Fishing Louisiana’s barrier islands

The barrier islands that separate Louisiana’s coastline from the Gulf of Mexico offer some great fishing opportunities, but they aren’t sitting still. Here’s why…

I love everything about Louisiana’s barrier islands: the adventure of getting there, their undeveloped state, the abundance of bird life and waters filled with a variety of fish. 

Speckled trout are a big draw for anglers heading to Louisiana’s barrier islands when conditions allow.

My most-dramatic marine experiences have happened on these islands and strangely, often involved ladyfish and sharks. Occasionally, I have arrived at a barrier island to discover a scene of utter chaos as thousands, maybe tens of thousands, of big ladyfish erupt from the water in undulating waves of fish bodies, while sharks thrash at them. 

There is an irresistible temptation to cast a line into these masses of “poor man’s tarpon” and hang on as a 24-inch ladyfish peels drag and performs acrobatic aerial moves until a shark swallows it. This is followed by more peeling drag and the parting of fishing line. I still carry a grudge against the ladyfish that grabbed my dangling lure and stole $250 worth of gear while my back was turned on Isle au Pitre. 

Of course, it is for speckled trout that I travel to the barrier islands, beginning in April and ending in October. My safety protocols prohibit traveling to the distant islands on many summer days due to high winds and frequent thunderstorms, so I cannot fish those islands as often as I would like, but when I can, the fishing experience is rewarding. That doesn’t mean the trout catching is always spectacular, because just like elsewhere inshore, environmental factors control where trout will be found and when they will feed. 

Big trout

I believe my chance for catching the biggest of Louisiana’s trout is greatly increased when I fish the barrier islands. As a general rule for the species, the largest trout are caught in the water with this highest salinity, no matter the season. Certainly, exceptions exist — especially in Louisiana with our vast salinity gradient ­— but I am looking for salinity greater than 15 parts per thousand to improve my odds. The barrier islands are positioned perfectly to provide structure and cover in high-salinity water.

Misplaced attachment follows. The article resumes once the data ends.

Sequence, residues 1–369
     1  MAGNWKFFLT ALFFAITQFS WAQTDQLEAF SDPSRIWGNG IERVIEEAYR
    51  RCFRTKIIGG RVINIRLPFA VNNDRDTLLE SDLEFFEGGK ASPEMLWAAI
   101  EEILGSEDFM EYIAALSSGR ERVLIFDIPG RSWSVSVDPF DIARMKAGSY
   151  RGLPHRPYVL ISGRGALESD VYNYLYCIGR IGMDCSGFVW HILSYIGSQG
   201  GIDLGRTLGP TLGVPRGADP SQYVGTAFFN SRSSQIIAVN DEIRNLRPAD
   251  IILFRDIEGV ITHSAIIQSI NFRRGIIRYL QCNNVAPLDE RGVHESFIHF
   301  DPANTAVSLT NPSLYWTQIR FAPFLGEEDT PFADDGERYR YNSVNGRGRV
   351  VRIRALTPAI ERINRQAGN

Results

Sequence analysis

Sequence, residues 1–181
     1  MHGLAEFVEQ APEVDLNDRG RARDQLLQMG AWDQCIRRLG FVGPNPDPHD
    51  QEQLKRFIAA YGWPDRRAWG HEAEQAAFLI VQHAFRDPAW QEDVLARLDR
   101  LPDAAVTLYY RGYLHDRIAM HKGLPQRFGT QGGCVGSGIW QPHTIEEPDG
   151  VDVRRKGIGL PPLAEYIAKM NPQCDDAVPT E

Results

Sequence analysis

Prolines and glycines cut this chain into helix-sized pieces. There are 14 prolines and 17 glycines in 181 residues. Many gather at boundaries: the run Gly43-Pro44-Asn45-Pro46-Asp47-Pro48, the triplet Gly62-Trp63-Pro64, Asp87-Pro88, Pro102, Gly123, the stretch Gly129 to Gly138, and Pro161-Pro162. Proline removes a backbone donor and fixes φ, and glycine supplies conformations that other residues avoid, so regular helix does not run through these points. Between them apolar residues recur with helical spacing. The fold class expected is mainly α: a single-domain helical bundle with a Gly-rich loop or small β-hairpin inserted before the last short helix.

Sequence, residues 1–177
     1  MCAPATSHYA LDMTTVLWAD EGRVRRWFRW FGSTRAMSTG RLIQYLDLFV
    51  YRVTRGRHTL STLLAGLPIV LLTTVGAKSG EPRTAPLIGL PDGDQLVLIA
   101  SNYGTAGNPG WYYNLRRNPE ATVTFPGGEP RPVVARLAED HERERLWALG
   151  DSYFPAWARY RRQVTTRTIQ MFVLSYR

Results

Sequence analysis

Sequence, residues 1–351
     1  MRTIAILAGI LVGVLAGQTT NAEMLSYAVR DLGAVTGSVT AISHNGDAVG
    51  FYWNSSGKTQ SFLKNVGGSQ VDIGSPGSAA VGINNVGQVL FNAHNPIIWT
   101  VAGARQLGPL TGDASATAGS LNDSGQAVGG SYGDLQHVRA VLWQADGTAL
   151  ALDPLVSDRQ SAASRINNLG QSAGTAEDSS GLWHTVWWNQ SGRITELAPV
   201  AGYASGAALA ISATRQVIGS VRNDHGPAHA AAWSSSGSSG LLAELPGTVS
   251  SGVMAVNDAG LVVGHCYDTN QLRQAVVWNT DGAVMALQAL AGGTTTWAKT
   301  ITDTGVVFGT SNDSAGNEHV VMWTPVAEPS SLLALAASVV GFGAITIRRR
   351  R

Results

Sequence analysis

With the exception of Grand Isle, all the barrier islands I have visited communicate a sense of fleeting existence. For instance, Free Mason Island, while being a productive fishing spot, also looks like a giant sand pile delivered to a job site that later went defunct. Recently, that impression of fleeting existence was further strengthened when I learned that a married couple lived on the island from 1957 to 1986. It’s intriguing to think about how they so far from civilization and also sad to realize how much of Free Mason Island must now be missing. 

Dredging and reclamation projects have attempted to reverse the effects of trying to control the Mississippi River’s power.

Barrier island formation

A bit of time spent researching the formation of Louisiana’s barrier islands will fill you with awe and paint a mental picture of the cyclical nature of barrier island formation and destruction. The islands have all been formed by the Mississippi River, even the distant Chandeleur Islands, which should trigger a sense of fluidity in our minds. 

The Mississippi River has taken various paths to the Gulf of Mexico over the eons, and in fact, it has created seven delta complexes over the past 6,000 years. The river pushes sediment to its delta, where the sediment is deposited. Lighter sediments such as silt and clay create a fan of marshland, but the heavier sand particles take the shortest path to the Gulf of Mexico and fall out at the very end of the river. Here, a dense landmass called a headland is built. To grasp this concept, I think of the solidness of Grand Isle and the Elmer’s Island area, which was part of the Caminada Headland. 

These photos show the restoration of Whiskey and Trinity islands and the land loss after restoration.

Eventually, the buildup of sediment in the delta creates excessive resistance to the river’s flow, which signals the end of a particular lobe of a delta complex, because this resistance causes the river to jump its course somewhere upstream and carve a new and shorter path to the sea. Scientific studies reveal that this major change of course happens roughly every thousand years.